Freight market disruptions looked to have peaked in recent weeks, and this might lead investors to a bearish view of the broader market, analysts said.
In a recent industry note on the transportation sector, analyst Jack Atkins and associate Cameron Hoglund, both of Little Rock-based Stephens Inc., said existing trends in the market remain favorable for carriers amid tight capacity and strong demand, but the data shows “we are past the worst of the disruption in the freight markets. This, in turn, continues to contribute to bearish investor sentiment toward the sector broadly.”
According to logistics company C.H. Robinson Worldwide, shipment acceptance rates improved to 1.79 in February, from 1.98 in the previous month. The rates show how many times shippers tender a load to carriers before it’s accepted. However, the January and February rates were higher than the 1.7 that the company reported through 2021. The rates were 1.21 in March 2019 and 1.17 in late February 2020.
C.H. Robinson expects spot rates to be higher this year as a result of a tighter-than-expected market attributed to drivers being out with COVID in January and early February. Truckload spot rates are projected to be 9% higher this year, compared to last year. Bob Biesterfeld, CEO of C.H. Robinson, expects contract rates to rise in the low single digits this year.
Atkins and Hoglund highlighted the recent rise in congestion at the Port of Los Angeles and the increase in container prices from North China to the West Coast. The Freightos Baltic Daily Index shows the price per container rose to $15,671, exceeding the four-week average of $15,398. Ships at anchor at the Port of Los Angeles increased by 2% to 43 recently. Other U.S. ports, such as the Port of Savannah, are experiencing mild congestion.
The analysts said transportation company Matson Inc. typically sees a lull during the Chinese Lunar New Year, but it wasn’t as pronounced this year. In recent weeks, the company reported a reduced number of ships at anchor at West Coast ports, but this might be temporary “and a function of carrier holiday sailing schedules more than a true relief in congestion.”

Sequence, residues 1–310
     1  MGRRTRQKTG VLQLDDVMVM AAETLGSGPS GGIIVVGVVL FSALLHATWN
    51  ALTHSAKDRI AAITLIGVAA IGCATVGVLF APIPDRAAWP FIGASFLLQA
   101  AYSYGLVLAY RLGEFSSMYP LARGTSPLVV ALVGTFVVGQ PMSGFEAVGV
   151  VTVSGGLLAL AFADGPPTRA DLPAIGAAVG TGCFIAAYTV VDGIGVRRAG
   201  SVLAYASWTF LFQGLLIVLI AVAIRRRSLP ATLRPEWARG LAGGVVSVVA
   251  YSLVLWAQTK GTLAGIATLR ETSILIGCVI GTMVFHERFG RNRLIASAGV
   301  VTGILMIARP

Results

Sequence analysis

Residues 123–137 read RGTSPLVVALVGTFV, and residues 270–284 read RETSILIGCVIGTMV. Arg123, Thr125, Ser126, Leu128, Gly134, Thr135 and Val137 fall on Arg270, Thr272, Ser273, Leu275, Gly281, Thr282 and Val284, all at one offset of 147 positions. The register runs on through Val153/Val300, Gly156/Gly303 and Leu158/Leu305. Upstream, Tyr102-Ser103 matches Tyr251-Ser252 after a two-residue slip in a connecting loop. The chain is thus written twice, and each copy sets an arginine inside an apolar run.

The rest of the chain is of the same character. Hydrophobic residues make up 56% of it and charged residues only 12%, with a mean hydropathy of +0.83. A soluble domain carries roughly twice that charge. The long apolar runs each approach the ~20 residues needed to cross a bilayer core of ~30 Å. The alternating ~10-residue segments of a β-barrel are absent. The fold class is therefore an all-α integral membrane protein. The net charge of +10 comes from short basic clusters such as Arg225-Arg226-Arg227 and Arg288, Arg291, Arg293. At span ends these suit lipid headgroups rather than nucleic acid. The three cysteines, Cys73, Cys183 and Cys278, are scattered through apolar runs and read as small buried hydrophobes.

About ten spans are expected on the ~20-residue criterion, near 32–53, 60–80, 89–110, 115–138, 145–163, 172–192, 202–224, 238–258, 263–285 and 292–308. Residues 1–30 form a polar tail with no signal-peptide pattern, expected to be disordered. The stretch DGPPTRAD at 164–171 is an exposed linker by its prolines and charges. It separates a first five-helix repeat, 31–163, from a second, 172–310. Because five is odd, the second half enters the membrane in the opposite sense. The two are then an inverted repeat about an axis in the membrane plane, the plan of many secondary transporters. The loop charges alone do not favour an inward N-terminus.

The analysts also noted that asset-based carriers making investments into their brokerage segments are outperforming other carriers in the broader market. The investments are expected to increase revenue without adding assets and “help reduce cyclicality,” they said. “And we believe those efforts are translating into an ability to accept greater levels of overflow freight this cycle than in prior cycles.”
Carriers, including Lowell-based J.B. Hunt Transport Services and Van Buren-based USA Truck, have been increasing their power-only and drop trailer services, and the analysts said the offerings are “paying significant dividends given the limited trailer capacity in the market.”
Another metric the analysts said investors are closely following is the inventory to sales ratio. The analysts explained that excluding 2021 the ratio remains at the lowest level since 2013.
“Our sense is that investors are growing increasingly concerned that we are nearing the end of the broader restocking trend and that there is the potential risk that we are ‘overstocked’ later in 2022 or early 2023 to the degree that sales trends normalize in the quarters ahead and return back to the longer-term trend line,” the analysts said.
They expect truckload rates to rise by 14.5% in the first quarter, compared to the same period in 2021, and by 6.3% in 2022, from last year.
In a transportation and logistics report, Garrett Holland, senior research analyst for Baird, said extended pricing increases are likely to bolster strength in trends through the first half of 2022, “but slowing growth rates and impacts from the withdrawal of monetary/fiscal stimulus should not be dismissed. With sentiment still mixed and peaking earnings trends more evident, we think it is still too early to aggressively add transport exposure. Stay focused on more company-specific opportunities where valuations have de-rated to discount cyclical risks.”